Haikai No Ku - Ultra High Dimensionality [VINYL] - Albums - Reviews - Soundblab

Haikai No Ku - Ultra High Dimensionality [VINYL]

by Rich Morris Rating:6 Release Date:2014-10-13

Blimey, these guys have definitely been overdosing on Les Rallizes Dénudés! Just check out those song titles for a start - ‘Strung Out Beyond the Rim’, ‘Void in Aimless Flight’ etc. Swapping Bong's cosmic sounds for blank, eviscerating feedback, Mike Vest and his band have produced something which sounds very much a Rallizes tribute of sorts, merged with bludgeoning Sabbath riffs and Earth-style slow-shift sonic tectonics.

So, not an easy listen then. ‘Dead in the Temple’ opens proceedings by pretty much sounding exactly how you’d expect a track with that name to sound, except much louder, slower, uglier and angrier. There are no vocals. After nearly 10 minutes of the same riff, the track grinds to a feedback-drenched halt with, ironically, little ceremony.

It is immediately replaced by the glacier-slow, howling riff of ‘Strung Out Beyond the Rim’, which has exactly the same running time as the first track so you have ample time to snigger childishly at that title. Which I did.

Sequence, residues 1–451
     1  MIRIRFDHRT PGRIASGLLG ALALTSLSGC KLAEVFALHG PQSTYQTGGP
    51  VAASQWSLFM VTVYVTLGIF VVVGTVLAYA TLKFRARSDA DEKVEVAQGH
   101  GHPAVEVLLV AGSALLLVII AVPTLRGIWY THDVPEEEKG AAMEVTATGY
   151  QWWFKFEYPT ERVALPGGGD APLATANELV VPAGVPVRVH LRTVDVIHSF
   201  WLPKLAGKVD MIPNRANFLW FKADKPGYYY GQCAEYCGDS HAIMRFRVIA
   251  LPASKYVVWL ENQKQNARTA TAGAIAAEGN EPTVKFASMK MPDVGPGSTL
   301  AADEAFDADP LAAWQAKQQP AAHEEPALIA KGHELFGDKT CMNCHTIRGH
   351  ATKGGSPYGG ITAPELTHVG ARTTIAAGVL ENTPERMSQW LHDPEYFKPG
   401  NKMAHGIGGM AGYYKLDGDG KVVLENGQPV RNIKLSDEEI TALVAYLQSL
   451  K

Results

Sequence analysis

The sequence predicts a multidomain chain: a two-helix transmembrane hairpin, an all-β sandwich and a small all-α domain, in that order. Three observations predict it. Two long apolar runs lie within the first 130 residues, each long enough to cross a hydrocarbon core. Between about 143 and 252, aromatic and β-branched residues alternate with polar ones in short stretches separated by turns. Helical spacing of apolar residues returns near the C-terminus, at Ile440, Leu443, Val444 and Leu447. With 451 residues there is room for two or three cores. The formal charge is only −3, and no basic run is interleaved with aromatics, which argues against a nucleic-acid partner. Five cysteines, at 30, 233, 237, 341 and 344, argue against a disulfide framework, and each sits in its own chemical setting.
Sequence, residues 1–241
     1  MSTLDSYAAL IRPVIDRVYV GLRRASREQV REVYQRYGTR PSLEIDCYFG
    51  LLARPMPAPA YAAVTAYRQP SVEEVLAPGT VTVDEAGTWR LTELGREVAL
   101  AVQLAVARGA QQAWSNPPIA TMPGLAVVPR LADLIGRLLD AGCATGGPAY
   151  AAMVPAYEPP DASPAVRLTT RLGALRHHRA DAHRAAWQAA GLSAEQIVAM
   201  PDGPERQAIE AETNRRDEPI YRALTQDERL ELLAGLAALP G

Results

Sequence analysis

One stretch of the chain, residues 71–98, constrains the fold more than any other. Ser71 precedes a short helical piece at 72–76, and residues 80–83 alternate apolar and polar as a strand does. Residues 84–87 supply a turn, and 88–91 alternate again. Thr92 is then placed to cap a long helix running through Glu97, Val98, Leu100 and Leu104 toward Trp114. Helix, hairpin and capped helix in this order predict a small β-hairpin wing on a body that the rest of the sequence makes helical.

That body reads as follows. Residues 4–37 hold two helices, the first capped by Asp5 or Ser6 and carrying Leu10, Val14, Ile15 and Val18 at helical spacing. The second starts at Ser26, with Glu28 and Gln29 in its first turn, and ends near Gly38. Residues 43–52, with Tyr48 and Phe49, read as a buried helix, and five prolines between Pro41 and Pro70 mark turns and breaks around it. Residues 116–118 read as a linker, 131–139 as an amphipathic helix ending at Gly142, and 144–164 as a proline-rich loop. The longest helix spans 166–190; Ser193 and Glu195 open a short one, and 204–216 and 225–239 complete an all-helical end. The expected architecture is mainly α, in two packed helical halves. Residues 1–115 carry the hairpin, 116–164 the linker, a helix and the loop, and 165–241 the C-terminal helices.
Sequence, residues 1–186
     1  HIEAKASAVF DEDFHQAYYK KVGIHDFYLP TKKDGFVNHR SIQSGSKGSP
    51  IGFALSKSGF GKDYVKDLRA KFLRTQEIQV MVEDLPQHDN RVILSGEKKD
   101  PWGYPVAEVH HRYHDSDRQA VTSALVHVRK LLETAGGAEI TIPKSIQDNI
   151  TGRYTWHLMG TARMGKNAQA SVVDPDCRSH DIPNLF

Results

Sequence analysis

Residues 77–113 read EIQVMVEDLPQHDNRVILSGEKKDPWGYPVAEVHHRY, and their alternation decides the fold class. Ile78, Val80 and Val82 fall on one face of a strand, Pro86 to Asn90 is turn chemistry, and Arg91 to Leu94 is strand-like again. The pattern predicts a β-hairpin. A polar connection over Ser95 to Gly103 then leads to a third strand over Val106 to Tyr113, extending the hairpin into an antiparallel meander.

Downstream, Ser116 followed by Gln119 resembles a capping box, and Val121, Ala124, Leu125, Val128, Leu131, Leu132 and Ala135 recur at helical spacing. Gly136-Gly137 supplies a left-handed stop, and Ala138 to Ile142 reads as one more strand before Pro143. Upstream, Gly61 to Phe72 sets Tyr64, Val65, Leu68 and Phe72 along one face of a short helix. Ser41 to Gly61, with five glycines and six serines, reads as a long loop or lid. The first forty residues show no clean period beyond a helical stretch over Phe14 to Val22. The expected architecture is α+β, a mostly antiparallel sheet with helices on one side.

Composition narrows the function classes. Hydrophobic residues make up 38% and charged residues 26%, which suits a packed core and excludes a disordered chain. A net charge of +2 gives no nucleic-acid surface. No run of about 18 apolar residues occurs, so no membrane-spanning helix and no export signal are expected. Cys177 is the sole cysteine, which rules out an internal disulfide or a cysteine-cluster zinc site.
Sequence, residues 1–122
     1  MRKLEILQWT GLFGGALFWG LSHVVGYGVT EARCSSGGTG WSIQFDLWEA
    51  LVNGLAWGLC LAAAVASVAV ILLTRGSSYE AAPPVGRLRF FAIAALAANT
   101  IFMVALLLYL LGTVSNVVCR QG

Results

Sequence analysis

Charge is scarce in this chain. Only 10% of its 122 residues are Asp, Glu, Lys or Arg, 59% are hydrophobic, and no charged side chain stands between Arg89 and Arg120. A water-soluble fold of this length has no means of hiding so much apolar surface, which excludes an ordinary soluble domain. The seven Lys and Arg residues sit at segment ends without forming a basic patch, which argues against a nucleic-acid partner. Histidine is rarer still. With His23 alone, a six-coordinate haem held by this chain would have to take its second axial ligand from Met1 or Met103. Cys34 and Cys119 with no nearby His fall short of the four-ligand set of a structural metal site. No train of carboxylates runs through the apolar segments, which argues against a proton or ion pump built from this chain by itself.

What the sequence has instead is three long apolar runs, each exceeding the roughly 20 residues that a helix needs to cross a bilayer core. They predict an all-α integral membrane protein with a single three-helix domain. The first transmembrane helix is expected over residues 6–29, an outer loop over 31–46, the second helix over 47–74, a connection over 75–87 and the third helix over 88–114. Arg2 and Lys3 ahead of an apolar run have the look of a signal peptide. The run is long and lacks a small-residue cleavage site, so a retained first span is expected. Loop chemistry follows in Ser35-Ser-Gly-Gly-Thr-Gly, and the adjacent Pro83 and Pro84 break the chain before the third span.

Third track ‘Pale at Noon’ is a little different in that it sounds like Haikai No Ku are actually making an effort to impress the listener instead of just somnolently playing the same riff until their arms fall off. Which, depending on your level of noise purism, is either an exciting development of this band’s sound or the point at which they have betrayed everything they previously stood for in a bid for shallow commercial success and we should pelt them with plastic beer glasses and shout ‘Judas!’ I mean, it even has a tempo change, forchristsake. Who do they think they are, Cheryl Cole?

Would it stagger you to learn the remaining two tracks don’t offer much in the way of variation? I’ve been pretty facetious about this album but actually I have a lot of respect for what Haikai No Ku are doing. Their artistic vision is truly, brutally uncompromising and there will always be a need for that. I’m not saying I’ll play Ultra High Dimensionality often but, just like with Takashi Mizutani’s black-clad pioneers, I respect its infinite noise.

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